Redirecting Our Approach to Workforce Development to Ensure Workforce Success
The President has been highlighting infrastructure and workforce development this week, which is exactly what we’ve been working on at SkillSmart for the past two years. For us this is not a theoretical exercise – we’re working with partners to construct real projects, hire real people and grow local economies. I wanted to share some observations from the communities in which we’ve been working.
Earlier this week, I listened from the back of a Detroit community room as city representatives and local developers gave updates to citizens on local projects. Wherever we travel, we try to find ways to connect with the local community, and I was fortunate to get word of this briefing where citizens heard updates on development projects, asked questions, and voiced concerns. Most of the meeting consisted of general city updates and questions about noise, cost, access, and benefits; but, the drama of one exchange made me perk up and put down my plate of chicken schwarma.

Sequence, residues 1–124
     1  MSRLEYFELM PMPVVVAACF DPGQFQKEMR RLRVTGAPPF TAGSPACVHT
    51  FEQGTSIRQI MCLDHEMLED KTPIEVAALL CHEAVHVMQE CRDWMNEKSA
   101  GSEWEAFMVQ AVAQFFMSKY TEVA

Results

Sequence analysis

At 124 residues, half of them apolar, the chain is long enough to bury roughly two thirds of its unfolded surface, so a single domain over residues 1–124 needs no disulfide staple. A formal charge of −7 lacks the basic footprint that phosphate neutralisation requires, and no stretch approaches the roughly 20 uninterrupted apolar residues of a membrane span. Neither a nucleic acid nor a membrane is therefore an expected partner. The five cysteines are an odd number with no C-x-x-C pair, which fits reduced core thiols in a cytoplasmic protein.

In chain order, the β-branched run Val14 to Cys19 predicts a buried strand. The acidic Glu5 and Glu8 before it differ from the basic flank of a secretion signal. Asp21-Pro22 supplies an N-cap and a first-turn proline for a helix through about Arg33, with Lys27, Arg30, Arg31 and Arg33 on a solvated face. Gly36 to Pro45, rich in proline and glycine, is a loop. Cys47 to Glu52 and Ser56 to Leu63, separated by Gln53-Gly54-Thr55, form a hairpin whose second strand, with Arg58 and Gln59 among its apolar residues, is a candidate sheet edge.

First, a bit of background, Detroit developers that engage in projects beyond a certain contract threshold are required to hire 51% of their workforce from Detroit. If they fail to meet this requirement they are assessed a substantial penalty. Well, one citizen didn’t think that the fact that developers were simply paying a penalty was sufficient.
She stood to voice her frustration that the developers that weren’t meeting the 51% requirement weren’t fulfilling their responsibility. Immediately, the developer’s representative responded that building the workforce wasn’t their responsibility. The exchange escalated from there – as the citizen couldn’t believe that the developer didn’t think it their responsibility to hire locally, particularly given the requirement.
To conclude the heated exchange, the developer clarified, that it was their responsibility to hire Detroiters, it just wasn’t their responsibility to ensure Detroiters had the skills to get hired.